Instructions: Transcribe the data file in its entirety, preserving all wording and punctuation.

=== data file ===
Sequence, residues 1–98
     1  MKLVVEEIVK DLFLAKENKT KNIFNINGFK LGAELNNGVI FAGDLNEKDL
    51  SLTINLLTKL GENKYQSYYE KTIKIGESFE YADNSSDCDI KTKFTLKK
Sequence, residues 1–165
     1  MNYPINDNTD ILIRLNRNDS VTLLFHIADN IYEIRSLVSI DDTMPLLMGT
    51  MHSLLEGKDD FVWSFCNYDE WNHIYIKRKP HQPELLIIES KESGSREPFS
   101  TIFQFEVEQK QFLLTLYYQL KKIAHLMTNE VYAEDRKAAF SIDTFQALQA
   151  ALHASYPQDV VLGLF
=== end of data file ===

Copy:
Sequence, residues 1–98
     1  MKLVVEEIVK DLFLAKENKT KNIFNINGFK LGAELNNGVI FAGDLNEKDL
    51  SLTINLLTKL GENKYQSYYE KTIKIGESFE YADNSSDCDI KTKFTLKK
Sequence, residues 1–165
     1  MNYPINDNTD ILIRLNRNDS VTLLFHIADN IYEIRSLVSI DDTMPLLMGT
    51  MHSLLEGKDD FVWSFCNYDE WNHIYIKRKP HQPELLIIES KESGSREPFS
   101  TIFQFEVEQK QFLLTLYYQL KKIAHLMTNE VYAEDRKAAF SIDTFQALQA
   151  ALHASYPQDV VLGLF